For the forward coupling-in shown in FIG.6, the above conditions (2a) and (2b) are simplified to: λ n eff < Λ < 2 λ n eff + n s ( 3 )

In Equation (3), the minimum value of Λ is to ensure forward coupling-in, while the maximum value of Λ is for only one radiation beam into the cladding layer. For instance, at λ=0.633 μm, ni=1, n0=2.09, d0=0.1 μm, ns=1.47, TEO is the only guided mode, for a rectangular groove of 50% duty cycle on the top of the guiding layer at groove depth=17 nm, and neff=1.612. Based on Equation (3), the range for groove period is: 0.393 μm<Λ<0.41 μm.

Moreover, for highly efficient coupling-in with the mirror configurations shown in FIGS. 7 and 8, it is required that two consecutive rays, for instance, rays 186 and 188 shown in FIG. 7, or rays 216 and 218 shown in FIG. 8, be in-phase. The ray propagating in the waveguide hits the grating and radiates rays 186, 188, and 190 in FIG. 7, or rays 216, 218, and 220 in FIG. 8. This means that: phase difference = k 0 2 d eff cos θ 0 ( n 0 - sin θ 0 · n s sin θ s ) = l · 2 π ( 4 a )
for surface-corrugation coupling-in, and: phase difference = k 0 2 d eff cos θ 0 ( n 0 - sin θ 0 · n s sin θ s ) + ϕ = l · 2 π ( 4 b )
for cladding-corrugation coupling-in, where l is an integer. The phase difference is the time difference, multiplied by the angular frequency of the electromagnetic wave, between two rays. Here k 0 = 2 π λ
is the free-space wave number, deff is the effective guiding layer thickness in the grating region, θ 0 ( = arcsin ( n eff n 0 ) )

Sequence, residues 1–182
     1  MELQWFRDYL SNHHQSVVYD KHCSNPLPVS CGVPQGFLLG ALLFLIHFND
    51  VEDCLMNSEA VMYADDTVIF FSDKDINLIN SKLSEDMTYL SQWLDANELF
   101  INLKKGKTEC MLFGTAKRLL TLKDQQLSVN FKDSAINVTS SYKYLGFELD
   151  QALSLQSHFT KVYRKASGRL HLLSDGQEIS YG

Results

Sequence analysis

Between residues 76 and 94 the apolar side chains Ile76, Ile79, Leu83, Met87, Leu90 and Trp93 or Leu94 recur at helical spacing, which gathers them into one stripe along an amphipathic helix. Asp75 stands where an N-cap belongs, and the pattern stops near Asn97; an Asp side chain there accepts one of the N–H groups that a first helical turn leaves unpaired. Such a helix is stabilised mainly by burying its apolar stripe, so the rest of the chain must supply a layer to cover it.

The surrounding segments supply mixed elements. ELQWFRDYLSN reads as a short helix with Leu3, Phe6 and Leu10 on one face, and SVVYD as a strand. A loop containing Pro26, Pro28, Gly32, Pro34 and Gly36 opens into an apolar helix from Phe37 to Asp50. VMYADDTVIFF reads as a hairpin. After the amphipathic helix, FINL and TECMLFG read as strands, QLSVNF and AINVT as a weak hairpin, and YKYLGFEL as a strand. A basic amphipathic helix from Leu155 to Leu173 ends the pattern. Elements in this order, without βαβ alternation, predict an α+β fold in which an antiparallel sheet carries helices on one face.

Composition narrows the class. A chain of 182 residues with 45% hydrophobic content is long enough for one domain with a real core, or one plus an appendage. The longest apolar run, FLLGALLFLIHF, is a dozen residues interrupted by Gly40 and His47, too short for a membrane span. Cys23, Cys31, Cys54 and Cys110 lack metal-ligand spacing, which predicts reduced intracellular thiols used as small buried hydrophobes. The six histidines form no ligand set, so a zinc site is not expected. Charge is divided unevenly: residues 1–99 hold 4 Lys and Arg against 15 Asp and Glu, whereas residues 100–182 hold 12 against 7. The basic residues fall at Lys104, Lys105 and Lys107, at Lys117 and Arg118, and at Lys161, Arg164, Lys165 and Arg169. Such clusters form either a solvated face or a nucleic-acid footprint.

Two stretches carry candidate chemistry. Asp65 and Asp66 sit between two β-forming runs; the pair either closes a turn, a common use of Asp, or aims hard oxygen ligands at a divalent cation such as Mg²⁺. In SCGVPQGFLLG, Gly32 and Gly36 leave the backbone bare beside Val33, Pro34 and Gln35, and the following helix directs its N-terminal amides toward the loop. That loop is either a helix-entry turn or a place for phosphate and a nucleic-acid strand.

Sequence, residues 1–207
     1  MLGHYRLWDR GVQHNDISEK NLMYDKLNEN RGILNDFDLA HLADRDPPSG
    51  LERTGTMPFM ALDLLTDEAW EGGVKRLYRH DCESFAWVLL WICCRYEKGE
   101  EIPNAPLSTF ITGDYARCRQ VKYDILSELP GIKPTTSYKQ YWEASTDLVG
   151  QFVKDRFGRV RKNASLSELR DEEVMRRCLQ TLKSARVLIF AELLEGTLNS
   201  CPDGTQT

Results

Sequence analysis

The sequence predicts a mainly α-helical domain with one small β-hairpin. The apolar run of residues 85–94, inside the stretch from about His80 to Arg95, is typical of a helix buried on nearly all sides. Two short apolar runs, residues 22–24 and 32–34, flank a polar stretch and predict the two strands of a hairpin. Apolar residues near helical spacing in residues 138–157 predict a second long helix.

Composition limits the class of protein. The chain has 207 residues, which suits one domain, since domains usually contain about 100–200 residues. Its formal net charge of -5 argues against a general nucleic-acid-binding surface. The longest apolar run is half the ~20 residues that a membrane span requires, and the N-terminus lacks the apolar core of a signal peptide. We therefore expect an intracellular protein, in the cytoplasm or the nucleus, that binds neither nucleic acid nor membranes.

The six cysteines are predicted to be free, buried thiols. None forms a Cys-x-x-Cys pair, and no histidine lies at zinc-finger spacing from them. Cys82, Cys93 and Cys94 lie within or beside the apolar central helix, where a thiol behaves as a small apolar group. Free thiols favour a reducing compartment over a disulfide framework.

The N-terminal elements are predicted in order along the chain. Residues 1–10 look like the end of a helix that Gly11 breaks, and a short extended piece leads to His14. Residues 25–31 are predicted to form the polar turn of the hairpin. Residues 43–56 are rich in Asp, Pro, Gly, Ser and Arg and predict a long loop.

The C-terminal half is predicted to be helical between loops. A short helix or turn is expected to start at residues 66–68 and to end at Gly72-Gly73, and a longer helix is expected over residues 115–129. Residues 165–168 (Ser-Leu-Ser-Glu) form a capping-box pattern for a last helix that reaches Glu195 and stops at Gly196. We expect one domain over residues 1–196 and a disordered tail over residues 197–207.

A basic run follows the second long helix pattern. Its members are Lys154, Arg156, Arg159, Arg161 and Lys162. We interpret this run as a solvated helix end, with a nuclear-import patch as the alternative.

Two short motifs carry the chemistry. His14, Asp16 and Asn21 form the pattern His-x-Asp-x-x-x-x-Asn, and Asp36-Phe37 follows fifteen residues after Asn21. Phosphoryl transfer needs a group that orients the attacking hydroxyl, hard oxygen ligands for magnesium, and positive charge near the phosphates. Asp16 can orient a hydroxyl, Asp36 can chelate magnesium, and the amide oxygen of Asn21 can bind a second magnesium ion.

is the angle of incidence of guided-mode rays, and φ is Goos-Hanchen phase-shift of the guided mode ray striking at the cover/core interface. For TE modes: ϕ = - 2 tan - 1 ( n 0 sin θ 0 ) 2 - n c 2 n 0 cos θ 0 . ( 5 )

For coupling-in shown in FIGS. 9 and 10, one portion of the incident beam is coupled into the waveguide and another portion of the incident beam transmits through the guiding layer to the cladding layer. Those waves that are coupled into the waveguide also partially radiate into the cover layer and the cladding layer. If the conditions of Equations (4a) and (4b) are satisfied, both the transmitted beam and the leaky (radiated) beam from the guiding layer into the cladding layer are in-phase. When a mirror is placed underneath the cladding layer, both the transmitted beam and the leaky beam will be reflected back to the grating region and superimposed on the incident beam in-phase by tuning the cladding layer thickness. In practice, for a given waveguide structure, the conditions of Equations (4a) and (4b) may be satisfied by tuning the grating period, which varies the angle of incidence for the coupling-in.

FIGS. 9 and 10 show the principle of determining the cladding layer thickness for surface-corrugation (FIG. 9) and for cladding-corrugation (FIG. 10). The cladding layer thickness is chosen such that: (1) the reflected beam from the mirror is phase-matched to the incident beam at the grating region, see rays 246 and 240 in FIG.9 or rays 282 and 276 in FIG. 10; and (2) only a small amount of guided light gets absorbed in the mirror layer. To find the correct cladding layer thickness d, for efficient coupling-in, first find the condition where little light is coupled in. When ray 246 in FIG. 9 or ray 282 in FIG. 10 (the reflected beam from the mirror) has a multiple of π phase-shift from ray 240 in FIG. 9 or ray 276 in FIG. 10, little light will be coupled into the waveguide. The minimum cladding layer thickness, dsm, for a π phase-shift is: 2 k 0 [ 0.5 d G n G - sin θ G · n i sin θ i cos θ G + d 0 n 0 - sin θ 0 · n i sin θ i cos θ 0 + d sm n s - sin θ s · n i sin θ i cos θ s ] + ϕ 1 = π ( 6 a )